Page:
Robert DeLena was out of ideas. He was baffled by the responsibility of taking care of his his 8-year-old son, Ryan, who had difficulty controlling his emotional outbursts.
Even as a toddler, Ryan’s inner intensity and defiance prompted Robert and his wife, Mary Beth, to seek professional help “to nudge him onto the traditional pathway for success.” Thus, Ryan’s affliction led to his placement in therapeutic classrooms at a very early age, schools that utilized detrimental methods of behavior modification.
That included physical restraint and the constant threat of it.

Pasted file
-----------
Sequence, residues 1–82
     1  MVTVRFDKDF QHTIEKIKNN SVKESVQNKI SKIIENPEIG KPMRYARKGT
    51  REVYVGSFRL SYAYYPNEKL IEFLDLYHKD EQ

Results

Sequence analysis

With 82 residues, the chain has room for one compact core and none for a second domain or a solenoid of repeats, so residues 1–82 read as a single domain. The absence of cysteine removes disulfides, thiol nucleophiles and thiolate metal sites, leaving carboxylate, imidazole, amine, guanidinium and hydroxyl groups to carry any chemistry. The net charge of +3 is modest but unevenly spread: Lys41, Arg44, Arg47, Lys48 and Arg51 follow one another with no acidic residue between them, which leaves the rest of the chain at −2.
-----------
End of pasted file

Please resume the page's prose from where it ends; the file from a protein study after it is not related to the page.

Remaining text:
It was a process that the DeLanas shied from using at home in Sudbury, Mass., even as officials at a handful of local schools and programs would insist it was the only way to try and control their son’s behavior. Away from school, Robert instead tried to keep his son’s mind open to new activities, keeping him active and interested. He would plan frequent trips to Boston’s Museum of Science, the Children’s Museum, or the New England Aquarium — activities that killed time. It wound up being the quiet ride to and from a destination — while his son watched a DVD in the back seat of the car — that often was the most enjoyable aspect of the trips, Robert said.